15 April 2016

Academic Freedom 2.0

Steven Salaita is back in the news and our local paper continues to relish his downfall.  There must be readers who enjoy following his fortunes--most people I know are still wondering when AAUP censure will be lifted, mourning the demise of the American Indian Studies program here, and dealing with the brain drain as the combined effects of L'Affaire Salaita and the ongoing budget morass prompt humanities faculty who can go elsewhere to do so.

It's not over, though.  The questions that Salaita's unhiring raised remain unanswered, and it remains unexplained, "the nature of the line that Salaita crossed and the point at which he crossed it so that faculty have some clearer measure than "civility" to know when their passion, rage, ill-considered utterances, profanity, and political expressions become actionable."

One could continue to complain about this endlessly deferred conversation, except that the university has quietly and resolutely sought to end it altogether by eliminating the protections of academic freedom at the bargaining table.

The appointment letters that tenure-stream faculty read include boilerplate language affirming AAUP principles and promising that the university will adhere to them.  The appointment letters that most non-tenure stream faculty offer no such assurances, only a line in the accompanying "Notification of appointment that "This appointment is made subject to all applicable laws and to the University of Illinois Statutes, the General Rules Concerning University Organization and Procedure and other actions of the Board of Trustees. These policies are subject to change from time to time and the most updated version of the policies is applicable."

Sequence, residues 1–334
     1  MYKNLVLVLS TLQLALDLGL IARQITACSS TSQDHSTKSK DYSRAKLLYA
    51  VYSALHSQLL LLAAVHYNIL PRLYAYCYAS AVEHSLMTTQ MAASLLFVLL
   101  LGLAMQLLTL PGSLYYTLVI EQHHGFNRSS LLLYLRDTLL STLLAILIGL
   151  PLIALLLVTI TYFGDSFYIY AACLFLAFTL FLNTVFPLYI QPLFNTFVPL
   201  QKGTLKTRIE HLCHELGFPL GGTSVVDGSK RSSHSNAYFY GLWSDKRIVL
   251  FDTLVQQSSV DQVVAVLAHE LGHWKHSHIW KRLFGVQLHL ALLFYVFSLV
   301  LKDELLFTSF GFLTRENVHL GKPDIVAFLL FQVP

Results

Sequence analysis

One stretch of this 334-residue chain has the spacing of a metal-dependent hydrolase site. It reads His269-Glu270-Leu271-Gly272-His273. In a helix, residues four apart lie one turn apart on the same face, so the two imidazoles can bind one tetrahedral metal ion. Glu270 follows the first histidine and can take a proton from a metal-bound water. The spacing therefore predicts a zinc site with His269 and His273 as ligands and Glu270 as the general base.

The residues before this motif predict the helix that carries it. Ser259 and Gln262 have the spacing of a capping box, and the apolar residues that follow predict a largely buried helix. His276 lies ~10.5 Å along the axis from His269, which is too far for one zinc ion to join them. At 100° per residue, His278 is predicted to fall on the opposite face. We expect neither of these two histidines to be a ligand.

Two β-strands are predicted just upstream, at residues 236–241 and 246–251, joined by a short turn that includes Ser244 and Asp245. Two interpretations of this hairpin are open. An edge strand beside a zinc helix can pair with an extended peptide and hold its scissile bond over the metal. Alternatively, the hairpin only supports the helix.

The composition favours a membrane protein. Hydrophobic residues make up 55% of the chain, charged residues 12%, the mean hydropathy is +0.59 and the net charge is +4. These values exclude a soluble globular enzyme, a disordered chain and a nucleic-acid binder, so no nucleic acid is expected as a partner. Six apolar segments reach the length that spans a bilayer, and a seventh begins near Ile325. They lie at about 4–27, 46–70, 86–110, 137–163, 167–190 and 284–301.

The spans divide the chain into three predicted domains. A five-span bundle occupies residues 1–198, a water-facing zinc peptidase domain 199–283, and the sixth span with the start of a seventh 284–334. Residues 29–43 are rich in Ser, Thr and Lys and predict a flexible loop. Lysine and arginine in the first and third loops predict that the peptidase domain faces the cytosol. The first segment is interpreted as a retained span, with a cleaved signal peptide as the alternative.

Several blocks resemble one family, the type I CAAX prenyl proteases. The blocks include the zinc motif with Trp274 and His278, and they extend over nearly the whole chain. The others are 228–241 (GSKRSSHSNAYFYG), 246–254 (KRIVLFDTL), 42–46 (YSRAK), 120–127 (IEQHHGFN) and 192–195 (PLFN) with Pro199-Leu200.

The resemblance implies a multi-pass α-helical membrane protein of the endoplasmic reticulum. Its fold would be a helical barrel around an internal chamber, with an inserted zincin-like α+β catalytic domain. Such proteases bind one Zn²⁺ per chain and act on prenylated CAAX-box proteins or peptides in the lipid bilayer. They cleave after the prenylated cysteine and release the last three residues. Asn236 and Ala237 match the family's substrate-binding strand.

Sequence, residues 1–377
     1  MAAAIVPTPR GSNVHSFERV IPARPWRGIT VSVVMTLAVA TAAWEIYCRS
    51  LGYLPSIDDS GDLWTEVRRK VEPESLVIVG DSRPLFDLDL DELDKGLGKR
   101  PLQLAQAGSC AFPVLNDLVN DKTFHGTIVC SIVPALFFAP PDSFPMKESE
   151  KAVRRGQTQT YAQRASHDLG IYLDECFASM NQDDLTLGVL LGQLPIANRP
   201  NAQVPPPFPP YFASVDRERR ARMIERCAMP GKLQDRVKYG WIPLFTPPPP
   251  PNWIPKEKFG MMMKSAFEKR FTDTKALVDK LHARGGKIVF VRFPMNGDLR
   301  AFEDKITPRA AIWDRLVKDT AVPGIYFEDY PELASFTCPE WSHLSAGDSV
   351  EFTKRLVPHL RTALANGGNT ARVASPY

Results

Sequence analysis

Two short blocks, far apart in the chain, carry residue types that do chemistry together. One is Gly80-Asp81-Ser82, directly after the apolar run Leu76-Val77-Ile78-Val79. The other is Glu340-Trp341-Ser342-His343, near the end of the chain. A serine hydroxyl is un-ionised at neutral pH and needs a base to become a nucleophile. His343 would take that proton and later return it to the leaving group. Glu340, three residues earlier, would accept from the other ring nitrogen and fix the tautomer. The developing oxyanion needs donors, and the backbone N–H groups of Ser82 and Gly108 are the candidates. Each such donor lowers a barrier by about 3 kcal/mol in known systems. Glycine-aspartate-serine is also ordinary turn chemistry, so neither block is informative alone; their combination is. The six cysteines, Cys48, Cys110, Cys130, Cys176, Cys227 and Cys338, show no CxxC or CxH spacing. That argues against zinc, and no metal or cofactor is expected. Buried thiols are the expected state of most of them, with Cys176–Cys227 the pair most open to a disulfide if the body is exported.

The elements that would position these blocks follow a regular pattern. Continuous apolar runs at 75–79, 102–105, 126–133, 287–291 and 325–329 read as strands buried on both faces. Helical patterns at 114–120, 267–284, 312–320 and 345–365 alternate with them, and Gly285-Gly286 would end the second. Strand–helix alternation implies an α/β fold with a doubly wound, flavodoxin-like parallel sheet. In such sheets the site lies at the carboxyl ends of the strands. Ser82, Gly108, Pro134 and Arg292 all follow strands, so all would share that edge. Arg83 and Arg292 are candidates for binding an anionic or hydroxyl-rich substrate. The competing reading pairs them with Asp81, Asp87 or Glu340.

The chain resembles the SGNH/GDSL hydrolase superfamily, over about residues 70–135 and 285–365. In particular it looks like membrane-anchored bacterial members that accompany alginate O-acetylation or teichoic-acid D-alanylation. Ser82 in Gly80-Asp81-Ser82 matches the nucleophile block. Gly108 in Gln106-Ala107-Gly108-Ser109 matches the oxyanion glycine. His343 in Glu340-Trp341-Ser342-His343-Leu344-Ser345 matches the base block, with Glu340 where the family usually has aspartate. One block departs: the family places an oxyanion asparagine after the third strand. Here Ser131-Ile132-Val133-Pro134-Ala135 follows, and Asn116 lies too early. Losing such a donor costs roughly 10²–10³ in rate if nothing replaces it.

The Statutes do have an academic freedom article, Article X. However, "faculty" is presumed throughout the Statutes to refer to tenure-stream faculty, leaving NTTs without these protections. The Senate has crafted a set of revisions to the Statutes to make sure that TTs and NTTs count as "faculty" throughout the documents, but they are not yet approved by the Board.  Moreover, the university's bargaining team has shown a general disinterest and disregard in building minimal academic freedom protections into the contract for NTTs.  They seemed surprised that academic freedom should even be relevant to these negotiations and were accordingly unprepared to discuss it.

The future of academic freedom here lies not in in the fortunes of high-profile cases like Salaita's, but in the basic protections afforded to the faculty doing 40% of the university's teaching.  As tenure lines dwindle, the contract available to non-tenure-stream faculty becomes, quite literally, the bottom line.

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